- There should be justice for the oppressed: Psalm 103:6; Isaiah 1:17; Luke 4:18.
- Those in need should not be overlooked: Psalm 68:5; Psalm 146:7-9; Acts 6:1-6.
- A neighbour (anyone in need who we are able to help) is to be loved and helped as oneself: Leviticus 19:18; Luke 10:25-37.
- Inequality should be remedied by giving to the, poor: Matthew 19:16-30; Mark 10:17-31; Luke 18:18-30.
- Human life is to be greatly valued: Exodus 20:13.
- There is a time for all things: Ecclesiastes 3:1-9.
- Other References
- McEwan J., “The 1988 Rendle Short Lecture: Public health and personal care: The challenge of uncertainty”, Journal of the Christian Medical Fellowship, October 1989, 16-23.
- National Health and Medical Research Council, Discussion Paper on the Ethics of Limiting Life-sustaining Treatment (Canberra: NH&MRC, November 1988).
In the light of the above and the growing debate on the availability of Euthanasia, the Baptist Churches of NSW and ACT:
- Deplore the ignorance and lack of resources which doom many to avoidable suffering. We call upon the State and Federal Governments to ensure that the best Palliative care is available to all who need it;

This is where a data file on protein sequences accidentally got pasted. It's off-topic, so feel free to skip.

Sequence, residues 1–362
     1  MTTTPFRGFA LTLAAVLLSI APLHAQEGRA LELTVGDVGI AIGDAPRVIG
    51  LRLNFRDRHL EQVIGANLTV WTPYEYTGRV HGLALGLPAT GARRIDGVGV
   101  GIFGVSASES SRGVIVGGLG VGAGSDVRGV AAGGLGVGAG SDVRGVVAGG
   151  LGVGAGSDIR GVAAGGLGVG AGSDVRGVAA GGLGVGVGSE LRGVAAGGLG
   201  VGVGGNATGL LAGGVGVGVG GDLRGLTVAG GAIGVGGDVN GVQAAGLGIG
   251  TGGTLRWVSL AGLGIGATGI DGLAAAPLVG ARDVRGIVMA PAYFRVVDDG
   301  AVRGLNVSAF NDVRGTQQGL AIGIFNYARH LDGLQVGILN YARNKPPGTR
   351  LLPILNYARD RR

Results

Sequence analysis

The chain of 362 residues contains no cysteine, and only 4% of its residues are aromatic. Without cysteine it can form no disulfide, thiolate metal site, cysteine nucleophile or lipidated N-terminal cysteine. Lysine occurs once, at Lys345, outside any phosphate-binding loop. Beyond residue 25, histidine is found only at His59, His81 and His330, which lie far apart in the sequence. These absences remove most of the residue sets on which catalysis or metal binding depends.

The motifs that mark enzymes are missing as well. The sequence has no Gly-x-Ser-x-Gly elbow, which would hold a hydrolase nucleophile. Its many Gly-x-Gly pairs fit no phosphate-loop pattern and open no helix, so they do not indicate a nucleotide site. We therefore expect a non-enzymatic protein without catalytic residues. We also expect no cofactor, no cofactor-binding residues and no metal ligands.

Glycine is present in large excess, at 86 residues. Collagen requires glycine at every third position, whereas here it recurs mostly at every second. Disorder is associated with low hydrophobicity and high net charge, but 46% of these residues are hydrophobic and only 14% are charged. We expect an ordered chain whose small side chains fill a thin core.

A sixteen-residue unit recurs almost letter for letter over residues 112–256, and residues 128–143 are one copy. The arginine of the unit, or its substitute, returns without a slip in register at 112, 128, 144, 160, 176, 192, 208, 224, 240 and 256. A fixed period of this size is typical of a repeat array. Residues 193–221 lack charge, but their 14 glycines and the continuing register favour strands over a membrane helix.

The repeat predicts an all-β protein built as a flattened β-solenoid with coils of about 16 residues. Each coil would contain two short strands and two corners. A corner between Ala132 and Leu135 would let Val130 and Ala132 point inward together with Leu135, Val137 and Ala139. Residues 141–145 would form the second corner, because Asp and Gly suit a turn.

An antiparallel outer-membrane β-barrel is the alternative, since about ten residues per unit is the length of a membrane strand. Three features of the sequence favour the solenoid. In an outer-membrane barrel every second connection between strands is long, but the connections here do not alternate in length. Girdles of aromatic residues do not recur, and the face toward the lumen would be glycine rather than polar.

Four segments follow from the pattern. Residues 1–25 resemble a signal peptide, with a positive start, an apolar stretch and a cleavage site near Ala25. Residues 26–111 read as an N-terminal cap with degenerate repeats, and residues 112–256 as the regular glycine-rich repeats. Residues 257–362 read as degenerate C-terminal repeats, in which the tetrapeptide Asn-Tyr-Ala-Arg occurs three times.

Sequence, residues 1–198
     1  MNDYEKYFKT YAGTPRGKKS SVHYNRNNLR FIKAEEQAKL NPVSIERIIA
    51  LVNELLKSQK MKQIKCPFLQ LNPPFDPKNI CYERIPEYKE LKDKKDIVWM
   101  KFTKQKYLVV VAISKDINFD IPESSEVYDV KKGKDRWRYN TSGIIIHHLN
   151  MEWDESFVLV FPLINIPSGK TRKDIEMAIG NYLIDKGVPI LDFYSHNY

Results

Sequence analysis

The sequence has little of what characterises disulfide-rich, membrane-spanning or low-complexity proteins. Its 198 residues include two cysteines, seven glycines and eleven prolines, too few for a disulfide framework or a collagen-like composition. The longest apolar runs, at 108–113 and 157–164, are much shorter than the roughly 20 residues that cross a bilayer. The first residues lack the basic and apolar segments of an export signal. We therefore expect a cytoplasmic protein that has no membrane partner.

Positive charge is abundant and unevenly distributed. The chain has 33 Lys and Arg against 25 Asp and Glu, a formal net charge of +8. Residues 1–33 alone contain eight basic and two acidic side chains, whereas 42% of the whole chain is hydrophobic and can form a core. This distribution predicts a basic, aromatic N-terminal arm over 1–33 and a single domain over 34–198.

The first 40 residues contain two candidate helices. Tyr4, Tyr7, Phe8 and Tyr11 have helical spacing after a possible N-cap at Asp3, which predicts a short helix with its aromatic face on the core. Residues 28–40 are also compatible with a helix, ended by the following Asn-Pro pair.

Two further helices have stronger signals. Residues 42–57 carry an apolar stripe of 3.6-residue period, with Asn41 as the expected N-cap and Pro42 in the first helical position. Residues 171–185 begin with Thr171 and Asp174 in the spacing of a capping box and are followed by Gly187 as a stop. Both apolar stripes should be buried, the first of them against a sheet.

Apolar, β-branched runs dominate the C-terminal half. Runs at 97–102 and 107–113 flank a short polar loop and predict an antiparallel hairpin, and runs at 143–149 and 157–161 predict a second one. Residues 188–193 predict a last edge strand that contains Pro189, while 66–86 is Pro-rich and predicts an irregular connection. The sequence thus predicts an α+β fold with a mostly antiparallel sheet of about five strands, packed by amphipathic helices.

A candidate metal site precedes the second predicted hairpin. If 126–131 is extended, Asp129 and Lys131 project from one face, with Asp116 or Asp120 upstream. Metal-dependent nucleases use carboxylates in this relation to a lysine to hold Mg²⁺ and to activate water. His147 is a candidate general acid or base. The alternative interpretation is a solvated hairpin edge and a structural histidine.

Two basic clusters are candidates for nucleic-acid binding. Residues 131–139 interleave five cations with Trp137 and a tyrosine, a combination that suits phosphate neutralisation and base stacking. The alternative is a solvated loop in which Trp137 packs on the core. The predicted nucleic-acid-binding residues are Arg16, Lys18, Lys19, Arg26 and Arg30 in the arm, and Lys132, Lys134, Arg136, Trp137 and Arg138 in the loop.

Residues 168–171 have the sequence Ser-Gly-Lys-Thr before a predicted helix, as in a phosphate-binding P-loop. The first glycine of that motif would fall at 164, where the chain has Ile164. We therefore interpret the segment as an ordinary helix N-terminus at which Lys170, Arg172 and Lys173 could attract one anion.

- Acknowledge and grieve for the distress and pain of those with severe physical and mental disability and illness and of those who care for them. We resolve to support them with love, compassion and practical care. We acknowledge that this will often mean sacrifice of both time and life style;
- Call upon all Christians to be aware of the needs of those least able to protect themselves – i.e. the very young and the very old, those with physical and mental disabilities, the ill, the confused and the lonely and resolve to be ready to act as advocates for them whenever necessary.
- Call upon all Christians to be informed and involved in the community debate about euthanasia and we resolve at all times to seek the mind of Christ and the guidance of the Spirit in our personal and corporate views;
- Believe that human life is a gift from God and it is His alone to give and take away. We resolve to inform governments that attempts to alter the law to allow legal euthanasia should be resisted in the light of the above;
- Deplore the action of the Northern Territory legislature in introducing legal euthanasia. We urge them to reconsider their action.